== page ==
Upon installing the components required to make the BIS-6620 power up, I connected a USB DVD-Rom and installed a fresh copy of windows 7 32-bit. Once installation was complete I was brought into the OS. I quickly noticed that the BIS-6620 doesn’t support Aero, or the transparent glass effects on a standard non-Aero windows 7 installation. Moving through windows dialogs seemed to occur with ample speed, but waiting for basic programs like Wndows Media Payer and Centrafuse 3 became quite the chore even at their most basic program settings. It’s clear that while there are many pros to the BIS-6620, the obvious setback is the 1 GHz processor. That said; the BIS-6620 handled MP3 playback with ease. It will even play 1080p videos with little to no skipping and video sync issues thanks to hardware decoding.


Video is provided only via VGA or S-Video connections. There is no support for DVI or HDMI and based on the form factor of the BIS-6620 (Habey has different models that do have DVI & HDMI output in the same form factor), you probably won’t be adding a video card capable of such. There is a single audio output jack on the front, and a microphone input just next to that. The lack of a line-in jack means your radio and other input devices better have “audio over USB” support. There is a single LAN port, a total of 4 USB ports, and a single PS/2 which can provide both keyboard and mouse support with the enclosed splitter cable.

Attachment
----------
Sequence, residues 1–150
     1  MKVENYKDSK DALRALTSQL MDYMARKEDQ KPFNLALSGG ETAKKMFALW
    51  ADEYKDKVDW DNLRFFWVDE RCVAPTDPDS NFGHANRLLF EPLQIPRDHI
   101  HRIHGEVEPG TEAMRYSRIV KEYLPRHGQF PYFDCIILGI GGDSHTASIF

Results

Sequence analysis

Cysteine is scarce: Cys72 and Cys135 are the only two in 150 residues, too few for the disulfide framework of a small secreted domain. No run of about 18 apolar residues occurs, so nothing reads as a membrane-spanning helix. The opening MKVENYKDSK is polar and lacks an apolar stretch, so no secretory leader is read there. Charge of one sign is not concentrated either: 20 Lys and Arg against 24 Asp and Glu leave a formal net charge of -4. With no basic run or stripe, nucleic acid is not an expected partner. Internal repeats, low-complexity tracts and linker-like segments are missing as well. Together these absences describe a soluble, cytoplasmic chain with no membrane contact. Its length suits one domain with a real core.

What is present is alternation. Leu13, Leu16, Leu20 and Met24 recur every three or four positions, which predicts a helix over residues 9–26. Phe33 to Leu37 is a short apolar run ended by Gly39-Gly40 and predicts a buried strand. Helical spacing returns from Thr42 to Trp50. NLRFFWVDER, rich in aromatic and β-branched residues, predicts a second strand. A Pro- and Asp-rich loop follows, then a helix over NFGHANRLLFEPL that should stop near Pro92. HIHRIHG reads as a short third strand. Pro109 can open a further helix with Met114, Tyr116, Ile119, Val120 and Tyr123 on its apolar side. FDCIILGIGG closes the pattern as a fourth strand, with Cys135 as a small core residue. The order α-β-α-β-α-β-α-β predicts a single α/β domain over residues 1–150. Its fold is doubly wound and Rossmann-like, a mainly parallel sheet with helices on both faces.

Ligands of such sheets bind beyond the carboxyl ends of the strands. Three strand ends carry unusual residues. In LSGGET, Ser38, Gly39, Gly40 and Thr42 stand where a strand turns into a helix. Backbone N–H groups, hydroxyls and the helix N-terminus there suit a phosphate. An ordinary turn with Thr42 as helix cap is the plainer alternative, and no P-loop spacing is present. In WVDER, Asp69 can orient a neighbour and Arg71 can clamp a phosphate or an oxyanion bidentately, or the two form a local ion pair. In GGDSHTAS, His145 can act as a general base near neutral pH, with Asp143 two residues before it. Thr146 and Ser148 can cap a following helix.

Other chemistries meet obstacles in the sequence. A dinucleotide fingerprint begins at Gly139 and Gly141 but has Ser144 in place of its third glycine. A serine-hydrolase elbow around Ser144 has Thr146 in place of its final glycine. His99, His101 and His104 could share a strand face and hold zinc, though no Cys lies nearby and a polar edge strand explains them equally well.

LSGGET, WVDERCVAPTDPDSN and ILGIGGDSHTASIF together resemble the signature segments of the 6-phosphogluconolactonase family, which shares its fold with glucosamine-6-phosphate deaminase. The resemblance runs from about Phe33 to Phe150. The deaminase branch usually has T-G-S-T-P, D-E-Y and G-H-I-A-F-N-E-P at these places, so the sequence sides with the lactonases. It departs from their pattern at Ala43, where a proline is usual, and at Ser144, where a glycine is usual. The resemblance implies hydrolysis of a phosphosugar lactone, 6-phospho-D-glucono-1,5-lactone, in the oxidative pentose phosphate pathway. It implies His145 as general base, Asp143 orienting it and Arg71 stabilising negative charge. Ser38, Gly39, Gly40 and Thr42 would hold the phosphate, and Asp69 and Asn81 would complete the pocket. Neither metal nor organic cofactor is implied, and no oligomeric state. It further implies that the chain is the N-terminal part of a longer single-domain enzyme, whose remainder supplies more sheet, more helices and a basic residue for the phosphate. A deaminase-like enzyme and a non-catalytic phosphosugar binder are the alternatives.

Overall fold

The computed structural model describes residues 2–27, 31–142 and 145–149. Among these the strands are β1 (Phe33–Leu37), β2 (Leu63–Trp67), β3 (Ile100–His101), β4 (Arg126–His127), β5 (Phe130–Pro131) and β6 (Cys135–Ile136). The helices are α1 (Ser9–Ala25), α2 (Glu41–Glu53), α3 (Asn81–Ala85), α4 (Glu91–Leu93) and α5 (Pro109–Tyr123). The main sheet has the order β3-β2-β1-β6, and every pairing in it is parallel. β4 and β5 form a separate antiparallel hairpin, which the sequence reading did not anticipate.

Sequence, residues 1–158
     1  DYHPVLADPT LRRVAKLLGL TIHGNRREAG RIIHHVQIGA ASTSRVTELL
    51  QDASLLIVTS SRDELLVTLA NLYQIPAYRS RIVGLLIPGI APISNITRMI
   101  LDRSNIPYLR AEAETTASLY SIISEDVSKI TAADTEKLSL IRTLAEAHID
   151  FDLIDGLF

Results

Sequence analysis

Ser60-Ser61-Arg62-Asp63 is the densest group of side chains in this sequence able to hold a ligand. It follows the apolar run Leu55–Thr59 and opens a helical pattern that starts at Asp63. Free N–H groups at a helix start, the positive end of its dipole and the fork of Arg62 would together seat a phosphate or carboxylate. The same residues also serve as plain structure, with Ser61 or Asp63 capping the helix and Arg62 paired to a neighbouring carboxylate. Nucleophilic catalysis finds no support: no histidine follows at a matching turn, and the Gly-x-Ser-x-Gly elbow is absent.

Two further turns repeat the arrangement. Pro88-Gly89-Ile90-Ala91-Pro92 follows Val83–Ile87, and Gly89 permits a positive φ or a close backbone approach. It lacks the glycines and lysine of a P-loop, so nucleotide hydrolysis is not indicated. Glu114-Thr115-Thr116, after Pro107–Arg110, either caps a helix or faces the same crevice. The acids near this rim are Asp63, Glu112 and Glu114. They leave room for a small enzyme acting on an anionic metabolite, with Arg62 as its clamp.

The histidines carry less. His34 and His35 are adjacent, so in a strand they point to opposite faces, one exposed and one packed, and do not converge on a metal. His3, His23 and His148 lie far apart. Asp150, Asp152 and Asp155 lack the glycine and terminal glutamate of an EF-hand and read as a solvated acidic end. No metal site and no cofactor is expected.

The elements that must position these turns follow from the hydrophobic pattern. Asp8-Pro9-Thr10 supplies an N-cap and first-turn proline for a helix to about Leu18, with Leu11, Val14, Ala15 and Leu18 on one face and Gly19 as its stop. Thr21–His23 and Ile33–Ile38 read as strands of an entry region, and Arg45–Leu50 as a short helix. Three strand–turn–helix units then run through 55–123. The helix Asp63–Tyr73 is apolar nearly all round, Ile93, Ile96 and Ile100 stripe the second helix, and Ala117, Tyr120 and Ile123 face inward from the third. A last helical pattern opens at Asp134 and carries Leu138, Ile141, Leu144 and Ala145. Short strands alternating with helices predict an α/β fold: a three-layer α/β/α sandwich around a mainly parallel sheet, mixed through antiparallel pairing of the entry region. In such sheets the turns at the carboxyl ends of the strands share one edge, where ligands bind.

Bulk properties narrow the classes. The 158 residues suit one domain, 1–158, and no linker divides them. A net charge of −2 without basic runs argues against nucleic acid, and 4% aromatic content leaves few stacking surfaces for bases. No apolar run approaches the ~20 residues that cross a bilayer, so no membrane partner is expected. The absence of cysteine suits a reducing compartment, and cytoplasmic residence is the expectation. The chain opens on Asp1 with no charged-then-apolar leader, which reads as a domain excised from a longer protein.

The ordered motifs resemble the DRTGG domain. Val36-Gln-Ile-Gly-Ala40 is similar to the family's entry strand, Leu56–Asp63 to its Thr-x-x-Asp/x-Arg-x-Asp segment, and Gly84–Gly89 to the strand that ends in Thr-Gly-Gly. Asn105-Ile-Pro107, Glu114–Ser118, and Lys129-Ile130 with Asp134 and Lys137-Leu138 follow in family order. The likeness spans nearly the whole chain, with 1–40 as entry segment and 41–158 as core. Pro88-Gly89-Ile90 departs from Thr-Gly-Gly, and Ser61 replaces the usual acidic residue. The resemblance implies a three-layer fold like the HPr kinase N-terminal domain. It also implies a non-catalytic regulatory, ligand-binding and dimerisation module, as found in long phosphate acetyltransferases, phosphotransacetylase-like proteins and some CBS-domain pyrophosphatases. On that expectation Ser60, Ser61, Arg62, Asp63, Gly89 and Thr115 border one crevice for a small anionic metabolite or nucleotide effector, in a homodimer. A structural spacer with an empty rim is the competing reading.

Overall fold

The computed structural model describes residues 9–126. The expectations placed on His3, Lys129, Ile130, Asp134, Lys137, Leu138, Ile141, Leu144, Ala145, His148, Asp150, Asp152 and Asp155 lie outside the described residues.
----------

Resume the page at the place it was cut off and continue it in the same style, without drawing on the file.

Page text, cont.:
The case of the BIS-6620 is a marvel in itself. The finned design on the top serves as a fully functioning heat-sink for the Intel processor. Because of this design the casing does run hotter than your average computer case, but never to the point where the case was simply too hot to touch. On the edges of the case are four holes which allow the BIS-6620 to be mounted on a VESA mount. All this allows for the BIS-6620 to truly be an ultra-compact, silent, and unseen fully functioning PC.

The Positive:

• Small design but capable fully functioning PC
• Flexible storage options
• Performance and reliability of the Intel Atom product
• Energy efficient design ( <10w)